My big family crowded around the kitchen table to eat supper, enjoying a chance to rest after a long afternoon of hayfield work. As we were cleaning our plates, Mom rose from her chair. Taking a few steps to the cupboard next to the sink, she picked up a 9 X13 cake pan and carried it to the table. It was time for the dessert I had watched her make earlier in the day!
Like watching a science experiment, first Mom dissolved strawberry Jell-O powder into a measured amount of boiling water. Then she chilled the red liquid with ice cubes. After slicing bananas into the liquid, Mom put the pan into the refrigerator. Before calling the family to eat, Mom had whipped sugar and cream from our cows into a thick, white cloud to frost the now jiggly dessert!
After cutting the Jell-O as she would cut a cake, Mom used a spatula to lift out squares for each member of the family. The portion set on my plate, quivered. Remembering a Jell-O commercial on our recently acquired television, I sang, “J-E-L-L-O!”
Mom smiled and reminisced, “I made Jell-O for the first time when Casper was a toddler.” I glanced over at my eldest brother sitting at the end of the table and tried to picture my adult brother as a toddler.
Continuing, Mom described his surprise and reaction. “When I set the Jell-O in front of Casper, he noticed it jiggling. Alarmed, he kept his eyes on it as he stood up in his highchair and frantically questioned, “What’s it? What’s it?”
Casper chuckled, “I probably thought it was something that needed to be killed before we could eat it.”
My other older brother snickered, “Yeah, wild Jell-O is hard to hunt, but easy to digest.”
I liked the story Mom told about my brother’s first experience with the jiggly dessert. As little as he was, Casper had noticed something strange about it, wondered what it was, was preparing to escape if it was dangerous and knew he had to ask to know more.
When I travel, I instinctively follow Casper’s curiosity formula. In Rome I was just as avidly interested in the local flora and fauna as the colosseum, Tiber River and Vatican. On the bus from the airport I questioned, “The red flowering vines growing along the highway are pretty. What are they called?”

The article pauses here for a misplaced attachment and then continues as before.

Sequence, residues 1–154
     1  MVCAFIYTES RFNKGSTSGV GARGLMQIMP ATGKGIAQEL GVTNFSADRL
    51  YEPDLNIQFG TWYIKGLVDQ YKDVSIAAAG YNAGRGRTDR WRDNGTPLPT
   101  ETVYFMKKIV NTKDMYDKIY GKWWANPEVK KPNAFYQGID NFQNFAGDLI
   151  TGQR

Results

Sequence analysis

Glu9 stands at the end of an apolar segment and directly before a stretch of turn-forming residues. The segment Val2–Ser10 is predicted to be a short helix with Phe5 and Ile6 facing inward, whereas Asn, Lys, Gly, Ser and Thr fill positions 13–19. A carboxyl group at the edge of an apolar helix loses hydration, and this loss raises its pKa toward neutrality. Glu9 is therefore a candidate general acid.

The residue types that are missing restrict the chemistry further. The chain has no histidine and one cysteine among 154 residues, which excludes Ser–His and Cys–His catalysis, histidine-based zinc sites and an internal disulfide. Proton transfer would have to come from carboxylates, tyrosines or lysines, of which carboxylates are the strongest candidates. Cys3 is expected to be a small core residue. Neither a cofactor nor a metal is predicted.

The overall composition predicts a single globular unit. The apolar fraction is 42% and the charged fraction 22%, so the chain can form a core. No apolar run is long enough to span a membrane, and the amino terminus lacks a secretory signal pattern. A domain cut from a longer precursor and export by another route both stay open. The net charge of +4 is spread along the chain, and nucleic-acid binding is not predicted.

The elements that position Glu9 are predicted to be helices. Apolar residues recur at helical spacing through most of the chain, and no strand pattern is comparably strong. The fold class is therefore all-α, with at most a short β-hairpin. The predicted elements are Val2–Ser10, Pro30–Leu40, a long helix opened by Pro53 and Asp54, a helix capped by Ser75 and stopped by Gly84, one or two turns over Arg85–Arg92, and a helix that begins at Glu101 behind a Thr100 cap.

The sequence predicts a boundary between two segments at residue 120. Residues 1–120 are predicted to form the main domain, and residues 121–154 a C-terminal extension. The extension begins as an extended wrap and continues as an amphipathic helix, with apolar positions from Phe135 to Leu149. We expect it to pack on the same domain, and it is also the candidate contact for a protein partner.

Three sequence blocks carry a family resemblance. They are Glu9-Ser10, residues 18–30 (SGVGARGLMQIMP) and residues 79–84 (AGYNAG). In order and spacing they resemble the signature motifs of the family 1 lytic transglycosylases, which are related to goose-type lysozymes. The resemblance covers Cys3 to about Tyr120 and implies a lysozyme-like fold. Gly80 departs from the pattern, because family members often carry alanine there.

Some docents and tour guides love all my questions. The more questions I have, the more you know I’m enjoying myself. Once, I had a tour guide exclaim as we parted, “You made the tour so much fun for me. You asked questions that no one has ever asked me before.”
Not all tour managers enjoy having to deal with my oddball questions. Their lack of satisfying answers for me probably irritates them. One afternoon in the town of Siena, Italy, home of Saint Catherine, my tour manager reached a breaking point.
I was standing in the shade of a tree, looking out at nearby small hamlets, each perched on hilltops like Siena. The picturesque Italian buildings had red clay roof tiles. Surrounding fields looked like a patchwork quilt. I recognized vineyards, olive groves and pastured sheep.
A warm breeze whispered through the leaves overhead. Glancing up, I noticed that the tree had a smooth gray trunk and unusually-shaped leaves. The tour manager was nearby so I turned and asked, “Juan, what sort of tree are we standing under?”
Juan sighed, looked up at the tree and turning back to me he slowly announced, “It is a big tree … a big tree with big, green leaves.”
When I’m not on a trip, the many questions that I have about life are handled by Mr. Google in the computer. Searching fuels pop-ups on a computer. Planning an Alaskan cruise? Offers for trip packages will pop up on the screen for weeks. Looking for a new mattress? Every company that makes mattresses will offer you a deal. The search history in my computer is so varied and bizarre, the algorithm system used to determine what adds should show up on my screen is on the verge of a nervous breakdown.
Maybe I should stop asking Mr. Google, “What’s it?” each time a new topic pops into my brain.